A supermoon is a full moon that coincides with the Earth's elliptic orbit so that the Moon is as close to the earth as it comes during its orbit. This phenomenon causes the lunar disk to look larger than usual to stargazers on Earth, especially as it rises and sets.
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The "Super Snow Moon" could be seen by amateur astronomers around the world on Tuesday, February 19. Photographers posted dazzling shots of the low-hanging Moon from spots like Spain, Switzerland, Greece, Mexico and South America.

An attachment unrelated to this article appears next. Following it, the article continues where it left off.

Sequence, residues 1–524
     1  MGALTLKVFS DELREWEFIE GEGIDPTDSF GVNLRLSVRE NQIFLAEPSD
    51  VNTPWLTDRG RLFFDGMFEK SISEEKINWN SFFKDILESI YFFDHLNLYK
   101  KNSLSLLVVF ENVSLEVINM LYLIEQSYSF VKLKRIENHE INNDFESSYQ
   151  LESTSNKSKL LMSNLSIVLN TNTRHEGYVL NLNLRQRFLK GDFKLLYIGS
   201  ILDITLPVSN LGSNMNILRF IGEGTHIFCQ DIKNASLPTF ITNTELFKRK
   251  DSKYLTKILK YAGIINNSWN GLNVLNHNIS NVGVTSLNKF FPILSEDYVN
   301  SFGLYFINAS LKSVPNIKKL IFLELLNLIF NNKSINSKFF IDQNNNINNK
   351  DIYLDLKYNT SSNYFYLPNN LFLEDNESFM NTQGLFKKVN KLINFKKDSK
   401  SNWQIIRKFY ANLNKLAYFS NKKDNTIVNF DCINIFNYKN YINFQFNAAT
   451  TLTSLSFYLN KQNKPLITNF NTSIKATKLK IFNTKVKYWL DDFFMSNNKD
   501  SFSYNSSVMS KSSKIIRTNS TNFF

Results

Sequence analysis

Some North Americans missed out on the photo opportunity due to a storm system spanning the continent coast-to-coast.
Scientists call Earth's point of closest proximity to the Moon a perigee syzygy. At its farthest point from the Earth, the Moon is in apogee syzygy, and stargazers might notice a small-looking "micromoon."